Scientists discover ‘hidden’ gene in COVID-19 that may contribute to a unique biology: report


Scientists found a new “hidden” gene in the new coronavirus that could contribute to its unique biology

New York:

Researchers have discovered a new “hidden” gene in the novel coronavirus that may contribute to its unique biology and pandemic potential. This advance could lead to the development of new therapeutics against the deadly virus.

According to scientists, including those at the American Museum of Natural History in the United States, knowledge of the 15 genes that make up the coronavirus genome could have a significant impact on the development of drugs and vaccines to fight the virus.

In the latest study, published in the journal eLife, the researchers described overlapping genes – or “genes within genes” – in the virus that they believe play a role in the virus’ replication in host cells.

“Overlapping genes may be one of the ways coronaviruses have evolved to replicate efficiently, thwart host immunity, or transmit themselves,” said study director Chase Nelson of the American Museum of Natural History.

“Knowing that overlapping genes exist and how they work can open new avenues for coronavirus control, such as through antiviral drugs,” Nelson added.

The research team identified a new overlapping gene – ORF3d – in the novel coronavirus SARS-CoV-2, which may encode a protein that is longer than expected.

They said ORF3d is also present in a previously discovered pangolin coronavirus, indicating that the gene may have undergone changes during the development of SARS-CoV-2 and related viruses.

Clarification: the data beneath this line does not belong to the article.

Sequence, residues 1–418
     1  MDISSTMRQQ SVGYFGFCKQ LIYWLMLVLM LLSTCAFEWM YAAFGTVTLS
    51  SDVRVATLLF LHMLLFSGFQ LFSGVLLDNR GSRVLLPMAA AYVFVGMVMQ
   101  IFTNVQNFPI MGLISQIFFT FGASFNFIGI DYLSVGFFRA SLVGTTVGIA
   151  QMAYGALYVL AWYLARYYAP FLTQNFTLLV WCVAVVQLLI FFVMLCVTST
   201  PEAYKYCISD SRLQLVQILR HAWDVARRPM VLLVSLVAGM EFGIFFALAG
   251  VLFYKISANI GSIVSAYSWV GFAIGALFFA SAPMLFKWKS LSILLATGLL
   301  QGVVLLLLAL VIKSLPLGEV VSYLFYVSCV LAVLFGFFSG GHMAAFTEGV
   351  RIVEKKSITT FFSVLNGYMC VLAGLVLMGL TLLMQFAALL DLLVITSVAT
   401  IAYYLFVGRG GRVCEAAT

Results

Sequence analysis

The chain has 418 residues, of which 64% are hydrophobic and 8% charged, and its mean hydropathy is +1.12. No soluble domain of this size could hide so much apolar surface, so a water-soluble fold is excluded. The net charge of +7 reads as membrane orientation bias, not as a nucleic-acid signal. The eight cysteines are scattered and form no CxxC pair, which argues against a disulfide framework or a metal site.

According to the study, ORF3d was independently identified and shown to elicit a strong antibody response in COVID-19 patients, showing that the protein produced from the new gene is made during infection in humans.

“We don’t yet know its function or we don’t know whether it is of clinical significance. However, we predict that this gene, unlike the antibody response, is relatively unlikely to be detected by a T-cell response. And maybe that has something to do with it how the gene could arise, “said Mr Nelson.

The scientists explained that genes in coronaviruses can appear like written language because they are made up of chains of basic chemical molecules, adenine, guanine, uracil and cytosine, represented by the letters A, G, U and C, respectively.


They explained that these letters serve as an information code for the synthesis of proteins in cells.

While the units of language (words) are discrete and non-overlapping, researchers can say that genes can be overlapping and multifunctional, with information cryptically encoded depending on where you start “reading”.

While overlapping genes are difficult to spot and most scientific computer programs are not designed to find them, scientists said they are common in viruses.

This is partly because RNA viruses have a high mutation rate, which is why they tend to keep their gene counts low to prevent large numbers of mutations, they explained.

The researchers found that viruses developed some kind of data compression system in which a letter in its genome can contribute to two or even three different genes.

“The lack of overlapping genes puts us at risk of missing important aspects of viral biology,” said Nelson.

“In terms of genome size, SARS-CoV-2 and its relatives are among the longest existing RNA viruses in existence, so they may be more prone to ‘genomic tricks’ than other RNA viruses,” he added.

(Except for the headline, this story was not edited by GossipMantri staff and posted from a syndicated feed.)


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